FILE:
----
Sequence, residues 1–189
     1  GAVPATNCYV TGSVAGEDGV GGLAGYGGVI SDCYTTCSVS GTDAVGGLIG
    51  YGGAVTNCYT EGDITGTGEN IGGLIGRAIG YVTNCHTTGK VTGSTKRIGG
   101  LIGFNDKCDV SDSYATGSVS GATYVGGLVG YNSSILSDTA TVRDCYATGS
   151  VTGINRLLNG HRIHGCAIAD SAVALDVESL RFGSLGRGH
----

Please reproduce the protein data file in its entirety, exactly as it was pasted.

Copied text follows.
Sequence, residues 1–189
     1  GAVPATNCYV TGSVAGEDGV GGLAGYGGVI SDCYTTCSVS GTDAVGGLIG
    51  YGGAVTNCYT EGDITGTGEN IGGLIGRAIG YVTNCHTTGK VTGSTKRIGG
   101  LIGFNDKCDV SDSYATGSVS GATYVGGLVG YNSSILSDTA TVRDCYATGS
   151  VTGINRLLNG HRIHGCAIAD SAVALDVESL RFGSLGRGH